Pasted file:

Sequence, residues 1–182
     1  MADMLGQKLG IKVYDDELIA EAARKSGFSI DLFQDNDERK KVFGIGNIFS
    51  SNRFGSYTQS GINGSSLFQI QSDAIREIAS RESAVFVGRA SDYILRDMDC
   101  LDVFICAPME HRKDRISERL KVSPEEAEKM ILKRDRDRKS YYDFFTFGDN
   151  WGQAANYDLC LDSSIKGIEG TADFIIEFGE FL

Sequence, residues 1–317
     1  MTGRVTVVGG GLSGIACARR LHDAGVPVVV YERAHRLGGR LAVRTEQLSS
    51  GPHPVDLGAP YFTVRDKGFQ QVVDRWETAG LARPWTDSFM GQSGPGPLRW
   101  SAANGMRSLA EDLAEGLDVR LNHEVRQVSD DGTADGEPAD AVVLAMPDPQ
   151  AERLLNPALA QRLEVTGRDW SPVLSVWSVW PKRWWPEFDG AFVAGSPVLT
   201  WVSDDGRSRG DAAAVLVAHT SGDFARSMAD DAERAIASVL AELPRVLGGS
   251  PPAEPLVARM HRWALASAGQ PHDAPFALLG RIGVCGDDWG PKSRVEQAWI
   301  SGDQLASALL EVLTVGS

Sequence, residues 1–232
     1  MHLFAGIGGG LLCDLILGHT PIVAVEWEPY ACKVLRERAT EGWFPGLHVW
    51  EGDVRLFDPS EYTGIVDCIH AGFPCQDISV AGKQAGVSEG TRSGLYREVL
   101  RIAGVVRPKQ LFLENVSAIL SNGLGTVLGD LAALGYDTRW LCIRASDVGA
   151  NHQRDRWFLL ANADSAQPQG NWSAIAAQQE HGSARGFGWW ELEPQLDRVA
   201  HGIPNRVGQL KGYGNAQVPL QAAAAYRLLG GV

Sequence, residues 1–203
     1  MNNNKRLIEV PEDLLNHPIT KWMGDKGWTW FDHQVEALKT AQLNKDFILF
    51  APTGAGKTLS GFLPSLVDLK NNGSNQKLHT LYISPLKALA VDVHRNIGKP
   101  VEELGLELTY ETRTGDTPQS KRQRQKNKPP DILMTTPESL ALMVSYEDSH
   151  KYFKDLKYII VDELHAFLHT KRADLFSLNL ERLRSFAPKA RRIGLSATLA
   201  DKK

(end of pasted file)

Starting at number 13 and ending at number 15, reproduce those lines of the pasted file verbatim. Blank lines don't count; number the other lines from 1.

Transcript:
   301  SGDQLASALL EVLTVGS

Sequence, residues 1–232
     1  MHLFAGIGGG LLCDLILGHT PIVAVEWEPY ACKVLRERAT EGWFPGLHVW